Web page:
June 8, 2014
A journey for 10 men that began as deacon aspirants in August 2012 has drawn a major step closer to ordination.
Bishop Patrick J. Zurek installed the 10 as deacon candidates June 8 during the Pentecost Mass at St. Mary’s Cathedral. The men are part of the eighth deacon formation class in the Diocese of Amarillo and are scheduled to be ordained as Permanent Deacons in December 2016.
There are a number of requirements for admission into the deacon formation program, according to Deacon Blaine Westlake, Director of the Diaconate Program for the Diocese of Amarillo.
“Aspirants must be a male, at least 31 years old and must be functionally literate,” said Deacon Westlake. “If married, candidates must have a stable marriage of at least three years, must be able to demonstrate significant ministerial service and be Roman Catholic with a mature, spiritual prayer life.”
Other requirements include the ability to pass a criminal history background check, must be psychologically sound, in good health and must have no impediments to ordination.
The formation process takes four-and-a-half-years, according to Deacon Westlake, which requires a significant time requirement of 64 hours or more per month.
“Wives attend the formation classes and must be in full support of her husband,” said Deacon Westlake. “Each formation year is comprised of no less than 11 weekends, one per month. Formation places a large emphasis on academics, pastoral, human and spiritual development. There’s also prayer and study group meetings, parish and charity ministry. The commitment to the diaconate is a major endeavor.”
The installation to deacon candidate is one of three steps prior to ordination. The steps include installations to deacon candidate, lector, acolyte, and then ordination to deacon.
What exactly, is a deacon?
“A deacon is a wonderful gift of the Holy Spirit to help our Church spread the good news about Jesus Christ,” said Deacon Westlake. “Deacons have their origins in the New Testament and in particular the Books of the Acts of the Apostles and Timothy.
“Deacons are ordained clergy belonging to one of the three orders of the Sacrament of Holy Orders, which are deacon (permanent and transitional), priest and bishop. They receive this sacrament when the bishop imposes hands on them at their ordination as they make a promise of obedience to their bishop. As the needs of the diocese dictate, the bishop assigns deacons where they are needed.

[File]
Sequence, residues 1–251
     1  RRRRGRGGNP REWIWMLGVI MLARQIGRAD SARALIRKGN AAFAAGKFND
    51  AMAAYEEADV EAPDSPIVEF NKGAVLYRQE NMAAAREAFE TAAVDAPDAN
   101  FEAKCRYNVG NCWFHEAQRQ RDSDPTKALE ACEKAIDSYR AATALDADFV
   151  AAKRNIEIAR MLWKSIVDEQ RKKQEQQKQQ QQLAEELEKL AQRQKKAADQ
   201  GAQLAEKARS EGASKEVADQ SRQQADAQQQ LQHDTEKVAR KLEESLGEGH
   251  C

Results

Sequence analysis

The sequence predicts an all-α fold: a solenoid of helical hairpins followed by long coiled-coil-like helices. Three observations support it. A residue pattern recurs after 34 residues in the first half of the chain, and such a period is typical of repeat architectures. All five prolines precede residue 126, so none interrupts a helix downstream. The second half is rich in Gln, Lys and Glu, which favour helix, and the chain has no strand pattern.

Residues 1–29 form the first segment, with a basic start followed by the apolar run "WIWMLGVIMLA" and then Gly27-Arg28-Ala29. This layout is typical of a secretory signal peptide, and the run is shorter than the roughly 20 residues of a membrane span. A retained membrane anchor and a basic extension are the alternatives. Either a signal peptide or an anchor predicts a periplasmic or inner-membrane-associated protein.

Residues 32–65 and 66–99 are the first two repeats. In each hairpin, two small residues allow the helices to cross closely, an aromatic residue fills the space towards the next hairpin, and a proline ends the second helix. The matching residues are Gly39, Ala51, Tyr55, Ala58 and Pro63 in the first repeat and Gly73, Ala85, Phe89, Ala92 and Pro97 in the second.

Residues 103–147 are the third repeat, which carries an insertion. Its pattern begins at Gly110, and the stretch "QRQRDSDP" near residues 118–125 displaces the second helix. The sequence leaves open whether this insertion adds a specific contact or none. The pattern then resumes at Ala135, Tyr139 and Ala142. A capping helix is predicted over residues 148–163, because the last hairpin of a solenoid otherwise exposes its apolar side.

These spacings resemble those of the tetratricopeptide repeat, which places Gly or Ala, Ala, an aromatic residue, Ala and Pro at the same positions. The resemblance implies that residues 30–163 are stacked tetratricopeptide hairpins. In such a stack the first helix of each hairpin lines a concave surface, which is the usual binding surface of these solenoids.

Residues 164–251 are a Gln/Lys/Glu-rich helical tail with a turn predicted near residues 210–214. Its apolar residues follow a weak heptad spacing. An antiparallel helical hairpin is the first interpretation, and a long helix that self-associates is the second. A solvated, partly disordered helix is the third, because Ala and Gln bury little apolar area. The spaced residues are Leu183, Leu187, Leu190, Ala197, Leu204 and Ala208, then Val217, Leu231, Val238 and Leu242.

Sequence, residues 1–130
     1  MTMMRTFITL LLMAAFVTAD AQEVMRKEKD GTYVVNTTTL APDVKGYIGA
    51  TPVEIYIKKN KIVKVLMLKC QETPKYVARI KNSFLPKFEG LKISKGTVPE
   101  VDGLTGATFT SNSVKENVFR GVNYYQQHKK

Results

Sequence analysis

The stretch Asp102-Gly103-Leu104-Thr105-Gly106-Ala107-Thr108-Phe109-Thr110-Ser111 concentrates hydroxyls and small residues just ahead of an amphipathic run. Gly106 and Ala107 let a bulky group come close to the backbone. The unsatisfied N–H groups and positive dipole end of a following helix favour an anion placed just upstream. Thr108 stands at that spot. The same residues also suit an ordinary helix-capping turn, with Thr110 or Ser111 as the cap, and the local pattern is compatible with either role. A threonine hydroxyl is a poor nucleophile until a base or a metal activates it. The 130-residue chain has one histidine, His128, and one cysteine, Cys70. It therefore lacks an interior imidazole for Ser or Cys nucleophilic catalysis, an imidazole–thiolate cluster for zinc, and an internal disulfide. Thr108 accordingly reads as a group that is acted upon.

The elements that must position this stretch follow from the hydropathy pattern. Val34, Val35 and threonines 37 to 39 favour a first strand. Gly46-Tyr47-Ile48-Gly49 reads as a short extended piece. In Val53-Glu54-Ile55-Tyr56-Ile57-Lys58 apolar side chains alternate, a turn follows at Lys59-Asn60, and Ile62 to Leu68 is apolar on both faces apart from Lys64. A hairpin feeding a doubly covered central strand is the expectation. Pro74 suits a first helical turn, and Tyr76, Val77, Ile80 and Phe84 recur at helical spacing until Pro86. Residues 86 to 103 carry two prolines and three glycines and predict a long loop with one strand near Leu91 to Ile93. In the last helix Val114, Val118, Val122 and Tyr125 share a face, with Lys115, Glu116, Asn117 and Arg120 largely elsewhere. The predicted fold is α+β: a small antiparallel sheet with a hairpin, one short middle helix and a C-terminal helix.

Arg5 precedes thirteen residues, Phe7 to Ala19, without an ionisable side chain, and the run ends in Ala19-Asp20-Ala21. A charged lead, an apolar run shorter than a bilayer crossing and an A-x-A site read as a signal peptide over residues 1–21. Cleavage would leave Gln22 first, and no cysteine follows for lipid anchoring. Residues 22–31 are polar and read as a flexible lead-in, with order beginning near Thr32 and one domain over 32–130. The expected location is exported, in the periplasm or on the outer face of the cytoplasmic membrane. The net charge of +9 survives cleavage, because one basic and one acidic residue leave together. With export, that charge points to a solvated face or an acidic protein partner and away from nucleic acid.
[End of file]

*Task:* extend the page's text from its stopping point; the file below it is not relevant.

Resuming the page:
Deacon Westlake said deacons have a threefold ministry of the Word, the Altar and of Charity.
“In the Ministry of the Word, deacons engage in evangelism and the teaching mission of the Church,” he said. “The ministry takes place both inside the parish walls and outside in the world. In the Ministry of the Altar, the deacon assists the priest at Mass, particularly by proclaiming the Gospel, leading the Intercessions, preparing the altar and ministering the chalice to the people at communion.
“Deacons can preside at baptisms, weddings, funerals, morning and evening prayer, benediction and give special blessings on varied occasions.
“Deacons are most visible in the parish, exercising what we call their ‘alb ministry,’ as they assist the priest at Mass. However, their primary responsibility is the Ministry of Charity. The deacon cares for the poor and forgotten. He is a minister of peace and justice in the community. Deacon means ‘servant,’ thus he is considered an icon of Christ, who came not to be served, but to serve.”
For a large majority of deacons, their responsibilities are a large part of their daily lives, according to Deacon Westlake.
“Most deacons are married, have secular occupations and minister outside work hours,” said Deacon Westlake. “They give witness to the spirituality of a married person who works in the world. Deacons normally do not receive any financial compensation from the parishes in which they’re assigned.
“An important part of the diaconal ministry are the wives of the deacons. They go through formation with their husbands and many are involved in ministries, either in conjunction with their husbands or on their own. Both deacon and wife are a dynamic gift to their parish.
“Newly ordained deacons usually begin their ministry in the parish where they live. Because of their promise of obedience to the bishop, they may be transferred, like any clergyman, to meet the needs of the diocese.”
The diaconate was in existence for several hundred years, but in the Latin Rite, according to Deacon Westlake, it has gradually evolved into a transitional step toward the priesthood.
“During the two World Wars, the concept of the diaconate was redeveloped and promulgated in the mid-1960s by the Second Vatican Council,” he said. “The permanent diaconate that resulted then continues to grow and evolve.”
The Deacon candidates installed June 8 are:
• Michael Anzaldua (wife Jovita) of St. Anthony of Padua Church, Dalhart;
• Robert Aranda (wife Linda) of St. Anthony’s Church, Hereford;
• José Joaquín Castañeda (wife Ericka) of San Jose Church, Hereford;
• Larry Gray (wife Tammie) of St. Mary’s Cathedral, Amarillo;
• Joe Hochstein (wife Angie) of Holy Family Church, Nazareth;
• Brian Lewis (wife Cindy) of St. Ann’s Church, Canyon;
• Richard Martinez (wife Bonnie) of Immaculate Conception of Mary Church, Dimmitt;
• Mark McVay (wife Ginger) of St. Vincent de Paul Church, Pampa;
• Alejandro Villalobos of Our Lady of Loreto, Silverton; and,
• Davin Winger (wife Teague) of Sacred Heart of Jesus Church, Spearman.